Gay, bisexual and transgender Male inmates filed a federal lawsuit against San Bernardino County and its sheriff, alleging they are kept in a segregated unit that doesn’t give them equal access to rehabilitation services and work programs that could shorten their incarceration and help them learn job skills.
The lawsuit, which seeks class-action status, was filed in U.S. District Court in Los Angeles and includes 15 plaintiffs, including current and former inmates at West Valley Detention Center, where San Bernardino County houses gay, bisexual and transgender inmates in a special unit known as the “alternative lifestyle tank.”
We support humane treatment of all persons who are incarcerated. All incarcerated persons, including Women, deserve such treatment.
A 16-year-old boy who identifies as a girl and who is being held at a boys’ detention center alleged that staff members repeatedly call him by his male birth name and male pronouns, force him to wear boys’ uniforms and have banned him from wearing his wig and makeup. The new accusations come in an amended lawsuit filed in federal court. The boy, known only in court documents as Jane Doe, is suing state child welfare and prison officials, alleging they have violated his constitutional rights and federal laws by detaining him in traumatizing solitary confinement for most of this year.
Anthony Elonis is a man who threatened numerous people, including his ex-wife, on social media, including Facebook. Elonis was charged and convicted under federal law with transmitting in interstate commerce a communication containing a threat to injure the person of another. The U.S. Court of Appeals for the Third Circuit affirmed his conviction. He is now appealing his conviction to the United States Supreme Court, claiming that he didn’t intend to hurt anyone and that the federal law violates his constitutional rights.
Transgender activists regularly use social media to threaten to rape and kill Women who disagree with their ideology. We hope they take note of this litigation.
The U.S. Court of Appeals for the Third Circuit has affirmed a New Jersey law banning sexual orientation change efforts (“SOCE”), more commonly called “gay conversion therapy.”
Classifying the speech at issue – the therapists’ advertising of “conversion therapy” and the therapy itself – as “professional,” the court held that professional speech receives diminished protection under the First Amendment, and, accordingly, that prohibitions of professional speech are constitutional only if they directly advance the State’s interest in protecting its citizens from harmful or ineffective professional practices and are no more extensive than necessary to serve that interest.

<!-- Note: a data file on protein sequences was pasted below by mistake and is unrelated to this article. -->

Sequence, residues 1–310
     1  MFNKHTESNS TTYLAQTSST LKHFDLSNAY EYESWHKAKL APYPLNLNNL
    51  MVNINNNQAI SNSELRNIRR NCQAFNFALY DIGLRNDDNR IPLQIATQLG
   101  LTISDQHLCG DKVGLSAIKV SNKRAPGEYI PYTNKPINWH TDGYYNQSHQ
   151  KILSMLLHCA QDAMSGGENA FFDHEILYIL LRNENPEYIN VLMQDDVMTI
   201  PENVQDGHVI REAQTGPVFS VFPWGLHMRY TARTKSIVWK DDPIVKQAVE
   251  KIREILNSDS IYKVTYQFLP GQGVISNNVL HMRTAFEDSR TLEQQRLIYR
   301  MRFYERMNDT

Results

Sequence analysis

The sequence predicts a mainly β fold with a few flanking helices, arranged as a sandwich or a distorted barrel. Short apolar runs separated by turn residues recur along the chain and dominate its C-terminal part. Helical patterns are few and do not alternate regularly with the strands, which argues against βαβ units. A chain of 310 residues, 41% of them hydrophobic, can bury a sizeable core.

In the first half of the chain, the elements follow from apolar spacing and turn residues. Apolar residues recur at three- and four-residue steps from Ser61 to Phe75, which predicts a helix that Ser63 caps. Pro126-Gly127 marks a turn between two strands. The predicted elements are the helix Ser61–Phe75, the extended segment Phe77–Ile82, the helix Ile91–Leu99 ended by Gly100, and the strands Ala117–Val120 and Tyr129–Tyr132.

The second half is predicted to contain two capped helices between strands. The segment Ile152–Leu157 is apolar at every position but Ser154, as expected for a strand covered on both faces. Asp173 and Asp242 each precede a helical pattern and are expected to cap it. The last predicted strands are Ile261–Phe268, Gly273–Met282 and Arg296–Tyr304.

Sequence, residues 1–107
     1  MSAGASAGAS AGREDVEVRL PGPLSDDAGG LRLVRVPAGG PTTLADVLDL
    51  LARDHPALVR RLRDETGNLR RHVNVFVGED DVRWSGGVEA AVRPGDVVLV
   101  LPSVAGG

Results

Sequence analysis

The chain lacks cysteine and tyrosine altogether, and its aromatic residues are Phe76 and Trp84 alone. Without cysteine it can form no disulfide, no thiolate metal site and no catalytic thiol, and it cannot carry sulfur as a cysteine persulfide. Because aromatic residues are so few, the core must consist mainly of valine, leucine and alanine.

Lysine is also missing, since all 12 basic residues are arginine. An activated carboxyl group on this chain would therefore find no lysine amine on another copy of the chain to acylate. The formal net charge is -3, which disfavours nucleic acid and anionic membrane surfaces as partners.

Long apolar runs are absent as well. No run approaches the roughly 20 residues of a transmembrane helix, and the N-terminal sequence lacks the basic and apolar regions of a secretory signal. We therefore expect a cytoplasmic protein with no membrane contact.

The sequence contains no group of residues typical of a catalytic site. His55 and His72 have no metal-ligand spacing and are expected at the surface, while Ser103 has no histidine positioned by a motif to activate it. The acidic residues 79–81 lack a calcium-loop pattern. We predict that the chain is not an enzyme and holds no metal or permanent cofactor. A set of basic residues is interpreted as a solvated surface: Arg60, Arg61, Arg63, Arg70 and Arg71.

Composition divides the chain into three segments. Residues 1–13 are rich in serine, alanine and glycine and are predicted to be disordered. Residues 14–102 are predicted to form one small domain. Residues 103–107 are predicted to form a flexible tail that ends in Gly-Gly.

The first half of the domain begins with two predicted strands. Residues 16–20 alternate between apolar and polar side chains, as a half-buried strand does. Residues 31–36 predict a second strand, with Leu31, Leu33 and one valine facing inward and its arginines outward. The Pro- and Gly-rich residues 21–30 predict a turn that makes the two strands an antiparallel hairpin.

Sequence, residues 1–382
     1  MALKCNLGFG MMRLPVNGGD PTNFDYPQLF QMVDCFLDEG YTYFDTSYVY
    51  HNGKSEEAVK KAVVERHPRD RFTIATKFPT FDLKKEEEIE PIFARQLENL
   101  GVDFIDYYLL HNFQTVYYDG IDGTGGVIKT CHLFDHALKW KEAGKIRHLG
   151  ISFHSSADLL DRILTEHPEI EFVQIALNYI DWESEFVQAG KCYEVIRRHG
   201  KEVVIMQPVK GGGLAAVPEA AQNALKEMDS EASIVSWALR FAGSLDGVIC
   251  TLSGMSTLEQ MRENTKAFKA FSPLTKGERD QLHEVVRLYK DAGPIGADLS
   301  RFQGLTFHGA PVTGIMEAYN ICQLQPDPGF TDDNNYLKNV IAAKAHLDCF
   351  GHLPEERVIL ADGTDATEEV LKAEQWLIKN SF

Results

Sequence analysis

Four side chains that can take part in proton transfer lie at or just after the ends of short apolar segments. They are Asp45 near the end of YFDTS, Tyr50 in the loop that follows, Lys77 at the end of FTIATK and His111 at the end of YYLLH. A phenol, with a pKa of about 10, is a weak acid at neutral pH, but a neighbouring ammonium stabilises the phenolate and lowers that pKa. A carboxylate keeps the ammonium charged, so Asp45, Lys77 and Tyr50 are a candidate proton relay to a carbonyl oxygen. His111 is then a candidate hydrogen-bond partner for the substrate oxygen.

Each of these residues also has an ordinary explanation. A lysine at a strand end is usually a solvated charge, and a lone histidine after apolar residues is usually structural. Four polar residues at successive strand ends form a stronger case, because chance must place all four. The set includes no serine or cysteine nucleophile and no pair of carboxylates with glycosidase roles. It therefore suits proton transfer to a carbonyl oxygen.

The court further noted that the “legislative record demonstrates that over the last few decades a number of well-known, reputable professional and scientific organizations have publicly condemned the practice of SOCE, expressing serious concerns about its potential to inflict harm. Among others, the American Psychological Association, the American Psychiatric Association, and the Pan American Health Organization have warned of the “great” or “serious” health risks accompanying SOCE counseling, including depression, anxiety, self-destructive behavior, and suicidality. Many such organizations have also concluded that there is no credible evidence that SOCE counseling is effective.”
We look forward to Gay and Lesbian people using laws banning SOCE to challenge treatment for gender dysphoria/gender identity disorder, as a diagnosis of gender dysphoria is sometimes given to Gay/Lesbian youth.
Jeydon Loredo is a graduating senior at La Feria High School in La Feria, Texas. Jeydon was born female but identifies as male. Jeydon wanted to wear a tuxedo for his high school photo, but the school declined. This is a clear violation of laws banning sex discrimination as well as an example of why gendered clothing standards are bad for girls and boys. The Loredo case echoes the Ceara Sturgis case, in which Sturgis – who did not identify as male and is female and a lesbian – chose to wear a tuxedo for her senior yearbook photo, rather than the drape typically reserved for girls. Her school, Wesson Attendance Center, responded by excluding her entirely from the senior portrait section of the yearbook. In November 2011, after the court denied defendants’ motion to dismiss, the Wesson Attendance Center settled the case and added Ceara’s photo (in a tuxedo) to the wall of senior photos at the school. The school also agreed to change its policy for senior photos to have all students photographed wearing graduation robes and to amend its anti-discrimination policy to add language affirming its commitment to following the equal protection clause of the U.S. Constitution. We expect (and hope for) a similar result in the Loredo case.
Days after Gov. Chris Christie signed the law in August, the lawsuit was filed on behalf of Tara King, a therapist in Brick, Ronald Newman, a therapist in Linwood, the National Association for Research and Therapy of Homosexuality, and the American Association for of Christian Counselors. They argued the law violated their responsibility to their clients who wanted the treatment. They also contend the terms “sexual orientation” and the phrase “sexual orientation change efforts” are too vague to be understood and enforced. A similar lawsuit was filed in California.
In a separate lawsuit, a South Jersey 15-year-old boy and his parents claimed the law interferes with teenager’s “right to self-determination and the parents’ fundamental right to direct the upbringing of their children.”
U.S. District Court Judge Freda Wolfson, who presides in Trenton, disagreed.
“Having found that the statute only regulates conduct, and not speech in any constitutionally protected form, Plaintiffs’ arguments regarding the statute” being overly broad “are largely irrelevant,” according to her decision.